CSR is increasingly becoming a branding imperative, strategic tool to deliver diversity and inclusion results, as well as source of leadership, growth and competitive advantage.  

The key is not longer “Why” it is needed, but rather “How” can a company best align diversity with CSR into business strategy, customer relationships and sustain a diverse global workforce. 

Consumers and employees continue to advocate for their favorite brands to address pressing global concerns such as climate change, poverty, economic development, healthcare and mobilize more impactful community development programs. They are the advocates for change.

Meanwhile, a major new talent incentive is creating CSR and diversity champions.   Employees are seeking to work for an organization with a reputation for being environmentally friendly, caring about their workforce and a great place to work.

And, they are asking for and want to become more involved with philanthropic, workplace and community development initiatives. 

95% - CEOs report that businesses must address social and environmental pressures of society and employees will drive companies’ efforts to address sustainability.  Source:  McKinsey & Co/MIT Sloan Management Review.

Furthermore, in reviewing employees performance evaluations and development plans, companies are considering community involvement as a major performance competency and compensation criteria.

This, in turn, is creating a more diverse and inclusive workforce and key driver of bottom-line growth and corporate reputation.

Yet, according to research uncovered by Climb The Green Ladder:  Make Your Company and Career More Sustainable, Wiley, only 1 in 10 employees feel they have the training and resources to help their firm become more sustainable – so training and employment engagement programs are critical to ensure well trained staff and inclusion.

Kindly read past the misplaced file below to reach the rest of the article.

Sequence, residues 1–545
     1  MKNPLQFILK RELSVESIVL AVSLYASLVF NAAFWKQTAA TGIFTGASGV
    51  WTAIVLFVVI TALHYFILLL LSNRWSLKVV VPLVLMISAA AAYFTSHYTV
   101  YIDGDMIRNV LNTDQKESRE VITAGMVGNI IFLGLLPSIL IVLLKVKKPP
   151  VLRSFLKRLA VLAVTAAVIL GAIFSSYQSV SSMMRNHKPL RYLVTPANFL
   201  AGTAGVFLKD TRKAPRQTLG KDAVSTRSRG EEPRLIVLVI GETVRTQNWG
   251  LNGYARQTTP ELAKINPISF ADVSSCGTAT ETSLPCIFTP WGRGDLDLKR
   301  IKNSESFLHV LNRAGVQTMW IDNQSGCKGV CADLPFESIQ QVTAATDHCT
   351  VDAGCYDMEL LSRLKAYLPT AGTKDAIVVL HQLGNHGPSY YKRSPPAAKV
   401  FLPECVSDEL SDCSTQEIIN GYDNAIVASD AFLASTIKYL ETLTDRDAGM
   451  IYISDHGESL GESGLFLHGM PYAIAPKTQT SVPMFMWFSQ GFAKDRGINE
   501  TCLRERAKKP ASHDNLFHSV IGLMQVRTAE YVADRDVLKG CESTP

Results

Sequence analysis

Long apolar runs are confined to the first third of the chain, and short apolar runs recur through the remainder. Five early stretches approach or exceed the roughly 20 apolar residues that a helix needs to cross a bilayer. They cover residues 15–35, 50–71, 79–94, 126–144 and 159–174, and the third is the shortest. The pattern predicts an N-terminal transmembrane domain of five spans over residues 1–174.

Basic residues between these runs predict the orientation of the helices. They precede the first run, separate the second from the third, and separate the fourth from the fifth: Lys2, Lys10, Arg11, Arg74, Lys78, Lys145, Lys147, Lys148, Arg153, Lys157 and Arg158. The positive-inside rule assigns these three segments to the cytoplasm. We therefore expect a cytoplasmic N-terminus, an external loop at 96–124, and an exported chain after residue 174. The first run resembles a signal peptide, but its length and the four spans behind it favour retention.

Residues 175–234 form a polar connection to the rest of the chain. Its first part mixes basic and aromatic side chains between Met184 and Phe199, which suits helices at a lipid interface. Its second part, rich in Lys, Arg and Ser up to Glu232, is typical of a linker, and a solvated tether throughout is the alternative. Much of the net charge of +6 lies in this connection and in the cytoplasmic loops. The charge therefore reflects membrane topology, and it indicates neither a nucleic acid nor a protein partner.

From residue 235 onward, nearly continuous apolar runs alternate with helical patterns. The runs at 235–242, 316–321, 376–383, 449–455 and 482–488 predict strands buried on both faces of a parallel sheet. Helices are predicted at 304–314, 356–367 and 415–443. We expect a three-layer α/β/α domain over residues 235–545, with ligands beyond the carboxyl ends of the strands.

We cannot underestimate the role and power of employees for storytelling, experiential marketing, stakeholder engagement and creating loyal brand champions.

Leaders of global organizations must increase diversity in the workplace and align with conducting business in a sustainable and socially-conscious manner.

They need to make it front and center of the business case for the long term, a critical component for talent acquisition, growth and innovation to thrive in today’s complex marketplace.

**

Sam Taylor

Diversity Best Practices - www.diversitybestpractices.com

For further information about CSR education, training and advocacy contact (212) 979 6092.

Reputation Dynamics Founder - Sam Taylor - Participating at Diversity Best Practices: CEO Symposium on February 9

DiversityLearn How to Sustain and Build Global Diversity and Inclusion Initiatives throughout Business. Hosted by the New York Times Company.

Diversity Best Practices specializes in facilitating discussions on diversity and inclusion among the most powerful leaders of corporate America.  Now in its fourth year, Diversity Best Practices' Global Best Practice Session offers its members a full day of research insights, best practice case studies and interactive discussion structured around three provocative topics:

  • Implementing Global Gender Strategies: Utilizing Metrics and Accountability for Driving Gender Equality
  • The Workforce and Long-term Implications: Innovative Strategies for People with Disabilities
  • *Corporate Social Responsibility: The Vehicle to Deliver Diversity and Inclusion Results

Featured Speakers:

Janet Robinson, CEO, New York Times

Dr. Rohini Anand, Global Chief Diversity Officer, Sodexo 

Panel Details:

*Corporate Social Responsibility (CSR):  A Vehicle to Deliver Diversity and Inclusion Results

Sam Taylor, Founder, Reputation Dynamics

Peter Lambert, Manager, Office of Global Diversity and Inclusion, Whirlpool Corporation

Orlando D. Ashford, Senior Vice President & Chief Human Resources Officer, Marsh and McLennan Companies (MMC)

Leaders of global organizations are aligning CSR as an integral component of key business and talent strategies, leveraging their positioning to not only grow but also to sustain a diverse global workforce. No longer is CSR viewed as a “nice thing to do” but rather as a key strategic tool in creating a diverse and inclusive workforce.  

Stanford University surveyed 800 MBA students from eleven leading North American and European business schools and found that 94% would accept a lower salary - an average of 14 percent lower to work for a firm with a reputation for being environmentally friendly, caring about employees and about outside stakeholders such as the community.

Furthermore, in reviewing employees’ performance evaluations and development plans companies are considering community involvement as a performance competency and compensation criteria. How can CSR be utilized as a tool to drive market share and brand loyalty? How can CSR increases employee engagement? What’s being done to shrink the gaps and take steps forward?

For further information - http://www.diversitybestpractices.com/events/194

Stay tuned for Sam Taylor’s next blog posting – perspectives on utilizing corporate social responsibility to deliver diversity and inclusion results.